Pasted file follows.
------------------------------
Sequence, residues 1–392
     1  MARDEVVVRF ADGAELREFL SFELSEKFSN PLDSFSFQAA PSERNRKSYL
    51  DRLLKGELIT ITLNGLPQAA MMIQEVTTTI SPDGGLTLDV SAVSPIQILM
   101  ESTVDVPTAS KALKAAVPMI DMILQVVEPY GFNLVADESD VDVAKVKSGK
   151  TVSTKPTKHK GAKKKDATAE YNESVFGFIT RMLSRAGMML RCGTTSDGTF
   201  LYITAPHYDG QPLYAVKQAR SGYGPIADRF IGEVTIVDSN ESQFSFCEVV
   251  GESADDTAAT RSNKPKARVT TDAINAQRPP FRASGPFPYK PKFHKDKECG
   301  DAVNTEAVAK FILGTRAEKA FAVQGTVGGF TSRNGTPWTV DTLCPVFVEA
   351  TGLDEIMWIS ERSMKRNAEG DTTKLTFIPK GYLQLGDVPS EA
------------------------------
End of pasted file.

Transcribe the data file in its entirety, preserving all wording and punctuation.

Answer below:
Sequence, residues 1–392
     1  MARDEVVVRF ADGAELREFL SFELSEKFSN PLDSFSFQAA PSERNRKSYL
    51  DRLLKGELIT ITLNGLPQAA MMIQEVTTTI SPDGGLTLDV SAVSPIQILM
   101  ESTVDVPTAS KALKAAVPMI DMILQVVEPY GFNLVADESD VDVAKVKSGK
   151  TVSTKPTKHK GAKKKDATAE YNESVFGFIT RMLSRAGMML RCGTTSDGTF
   201  LYITAPHYDG QPLYAVKQAR SGYGPIADRF IGEVTIVDSN ESQFSFCEVV
   251  GESADDTAAT RSNKPKARVT TDAINAQRPP FRASGPFPYK PKFHKDKECG
   301  DAVNTEAVAK FILGTRAEKA FAVQGTVGGF TSRNGTPWTV DTLCPVFVEA
   351  TGLDEIMWIS ERSMKRNAEG DTTKLTFIPK GYLQLGDVPS EA